Abnormal heart rhythms have been identified in 1 in 20 older adults who use a wrist wearable smartphone

By Angelika Leute, Kompetenznetz Vorhofflimmern eV (AFNET)

heart beat

Credit: Pixabay/CC0 Public Domain

Consumer electronics provide a new avenue for the detection of atrial arrhythmias. A study offered a smartphone and wearable continuous arrhythmia screening for older adults with no known atrial fibrillation. Atrial arrhythmias were detected in five percent of the participants. The study was conducted by AFNET. The principal investigator was Professor Larissa Fabritz, University of Birmingham and University Medical Center Hamburg-Eppendorf (UKE), Hamburg, Germany.

Atrial fibrillation (AF) is the most common type of arrhythmia and a growing epidemic. It affects several million people in Europe, mostly the elderly. In many people the arrhythmia is asymptomatic and often goes unnoticed for a long time. This can be dangerous because the risk of stroke and other complications may be higher in older adults with atrial arrhythmias – even if the arrhythmia appears only temporarily and goes unnoticed by the person concerned.

Timely detection of arrhythmias could enable early treatment to prevent complications, for example by starting anticoagulation in order to prevent strokes. Therefore, experts advise screening in the elderly in order to systematically look for arrhythmias. Modern smartphone-related wearables provide a new avenue for this.

The Smart in OAC-AFNET 9 study (Smartphone and Wearable Arrhythmia Detection in Older Adults) provided continuous arrhythmia screening for people over 65 without knowing Atrial fibrillation Not receiving oral anticoagulants. The study was conducted in Germany, Poland and Spain during the COVID pandemic in 2021. 882 older adults between the ages of 65 and 90 participated and recorded signs.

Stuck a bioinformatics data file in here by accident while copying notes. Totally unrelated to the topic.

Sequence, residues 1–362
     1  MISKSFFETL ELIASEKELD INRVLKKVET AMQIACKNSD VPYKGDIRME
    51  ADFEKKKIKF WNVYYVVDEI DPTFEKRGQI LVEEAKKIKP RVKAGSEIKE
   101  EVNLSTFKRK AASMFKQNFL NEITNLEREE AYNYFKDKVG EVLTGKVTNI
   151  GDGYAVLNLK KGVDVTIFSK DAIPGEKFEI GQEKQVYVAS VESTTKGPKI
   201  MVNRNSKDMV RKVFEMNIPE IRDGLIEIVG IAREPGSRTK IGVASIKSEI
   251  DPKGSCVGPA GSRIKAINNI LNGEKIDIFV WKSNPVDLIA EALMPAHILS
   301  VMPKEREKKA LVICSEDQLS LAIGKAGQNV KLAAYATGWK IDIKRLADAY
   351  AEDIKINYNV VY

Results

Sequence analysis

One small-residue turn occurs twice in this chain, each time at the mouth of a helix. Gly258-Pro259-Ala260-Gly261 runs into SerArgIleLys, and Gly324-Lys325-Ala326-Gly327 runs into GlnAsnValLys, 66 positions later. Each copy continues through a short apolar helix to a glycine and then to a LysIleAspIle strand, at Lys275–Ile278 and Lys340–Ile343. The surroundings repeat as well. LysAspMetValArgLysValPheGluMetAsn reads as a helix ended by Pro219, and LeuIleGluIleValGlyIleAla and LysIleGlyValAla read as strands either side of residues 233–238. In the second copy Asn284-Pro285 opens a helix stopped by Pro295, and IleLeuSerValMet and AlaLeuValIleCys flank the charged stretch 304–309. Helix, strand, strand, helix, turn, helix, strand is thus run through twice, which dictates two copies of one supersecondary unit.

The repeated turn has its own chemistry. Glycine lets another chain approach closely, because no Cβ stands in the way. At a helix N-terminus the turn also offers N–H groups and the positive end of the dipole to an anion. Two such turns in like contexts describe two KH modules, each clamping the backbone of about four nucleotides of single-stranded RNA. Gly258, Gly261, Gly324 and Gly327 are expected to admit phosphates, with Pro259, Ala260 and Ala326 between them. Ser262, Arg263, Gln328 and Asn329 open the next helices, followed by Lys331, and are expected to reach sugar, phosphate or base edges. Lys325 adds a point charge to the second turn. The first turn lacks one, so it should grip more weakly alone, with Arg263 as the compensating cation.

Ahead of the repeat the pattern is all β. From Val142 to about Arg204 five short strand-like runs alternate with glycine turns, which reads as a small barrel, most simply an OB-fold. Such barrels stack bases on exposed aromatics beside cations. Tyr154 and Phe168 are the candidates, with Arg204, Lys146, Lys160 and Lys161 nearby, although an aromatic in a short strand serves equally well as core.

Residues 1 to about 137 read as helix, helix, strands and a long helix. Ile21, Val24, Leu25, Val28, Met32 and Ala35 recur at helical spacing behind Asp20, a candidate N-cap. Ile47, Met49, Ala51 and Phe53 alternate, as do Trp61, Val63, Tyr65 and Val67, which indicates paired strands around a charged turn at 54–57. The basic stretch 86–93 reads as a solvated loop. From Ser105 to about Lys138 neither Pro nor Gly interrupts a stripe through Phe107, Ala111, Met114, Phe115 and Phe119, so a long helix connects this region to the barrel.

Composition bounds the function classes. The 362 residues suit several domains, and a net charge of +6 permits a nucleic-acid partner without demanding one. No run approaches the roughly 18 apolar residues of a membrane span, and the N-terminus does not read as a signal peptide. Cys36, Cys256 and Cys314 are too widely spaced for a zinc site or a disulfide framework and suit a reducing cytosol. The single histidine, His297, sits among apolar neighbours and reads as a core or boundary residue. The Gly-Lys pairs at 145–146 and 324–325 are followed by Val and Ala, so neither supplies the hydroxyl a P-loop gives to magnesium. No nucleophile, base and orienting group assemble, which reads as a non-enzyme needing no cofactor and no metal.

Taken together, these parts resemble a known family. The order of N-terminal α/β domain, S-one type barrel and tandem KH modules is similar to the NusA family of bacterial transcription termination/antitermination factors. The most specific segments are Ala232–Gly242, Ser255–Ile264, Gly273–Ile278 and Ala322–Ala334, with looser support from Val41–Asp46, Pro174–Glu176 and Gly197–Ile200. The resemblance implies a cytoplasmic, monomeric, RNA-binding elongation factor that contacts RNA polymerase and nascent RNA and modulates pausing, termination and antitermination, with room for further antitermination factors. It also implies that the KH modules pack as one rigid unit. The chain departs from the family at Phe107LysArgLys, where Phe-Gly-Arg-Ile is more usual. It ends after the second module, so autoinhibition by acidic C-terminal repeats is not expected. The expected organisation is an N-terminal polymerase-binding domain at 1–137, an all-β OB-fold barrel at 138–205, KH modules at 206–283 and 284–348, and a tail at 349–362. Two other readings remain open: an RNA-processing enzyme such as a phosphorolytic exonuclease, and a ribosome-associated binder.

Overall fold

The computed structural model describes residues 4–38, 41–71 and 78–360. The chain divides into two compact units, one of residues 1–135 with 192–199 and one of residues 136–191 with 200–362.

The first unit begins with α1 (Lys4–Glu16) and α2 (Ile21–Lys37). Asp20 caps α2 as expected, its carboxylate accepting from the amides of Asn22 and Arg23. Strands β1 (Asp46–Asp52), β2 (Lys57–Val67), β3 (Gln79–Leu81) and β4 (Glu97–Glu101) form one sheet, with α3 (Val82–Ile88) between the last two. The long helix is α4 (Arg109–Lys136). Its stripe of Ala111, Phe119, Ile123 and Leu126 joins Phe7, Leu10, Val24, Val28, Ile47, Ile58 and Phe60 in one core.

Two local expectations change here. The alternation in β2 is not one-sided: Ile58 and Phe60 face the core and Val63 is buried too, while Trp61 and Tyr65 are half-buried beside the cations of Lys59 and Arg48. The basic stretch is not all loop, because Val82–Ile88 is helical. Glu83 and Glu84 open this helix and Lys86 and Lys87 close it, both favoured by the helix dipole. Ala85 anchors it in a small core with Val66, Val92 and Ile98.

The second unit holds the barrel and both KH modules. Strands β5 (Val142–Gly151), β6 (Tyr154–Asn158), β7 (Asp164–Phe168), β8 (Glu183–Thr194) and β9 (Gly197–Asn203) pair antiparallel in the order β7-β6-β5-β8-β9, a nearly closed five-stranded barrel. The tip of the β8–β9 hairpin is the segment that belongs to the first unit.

Explaining the background of the study, Prof. Fabritz explained, “Simple and scalable methods for identifying atrial arrhythmias in the population at risk are needed to enable timely detection of atrial fibrillation and initiation of treatment. Therefore, we conducted the Smart in OAC-AFNET 9 study and evaluated the usability of a digital system Complete screening for arrhythmias in the elderly.

Seniors were invited to participate in different ways. The majority of participants were reached through media campaigns in newspapers and television or through word of mouth and town hall meetings Senior citizens. The remaining participants were attracted by the posts identified by general practitioners Knowledge of the study, website, outpatient clinics, or pharmacies.

Participants received a wristband with a pulse-detecting sensor paired with an app on their smartphone, enabling continuous, fully remote rhythm monitoring for up to eight weeks. Remote participation was necessary in light of the COVID-19 pandemic.

Arrhythmias were detected in 44 participants (5%) within 28 days. Detection of atrial arrhythmias was higher in the first week of monitoring than in subsequent weeks. only in a few persons, Arrhythmia It happened for the first time after more than four weeks.

Professor Fabritz concluded: “Smart in OAC – AFNET 9 has successfully used a smartphone and wearable system to detect arrhythmias in the elderly in several European countries. Offers of remote technical assistance were accepted and compliance was high, demonstrating feasibility this age group.”

“Our screening identified atrial arrhythmias in 5% of the elderly. Detection rates were high in the first week of monitoring, and then decreased, suggesting that relatively short monitoring periods may be sufficient to detect elderly patients with an arrhythmia. heartbeat.These results encourage the use of fully digital, Electronics consumers Systems based screening for atrial arrhythmias in unselected patients the elderly. ”

Submitted by Kompetenznetz Vorhofflimmern eV (AFNET)

the quote: Abnormal heartbeats identified in 1 in 20 older adults who use a wearable and wrist-mounted smartphone (2022, November 24), Retrieved November 24, 2022 from https://medicalxpress.com/news/2022-11- abnormal-heartbeat-older-adults-wrist-worn.html

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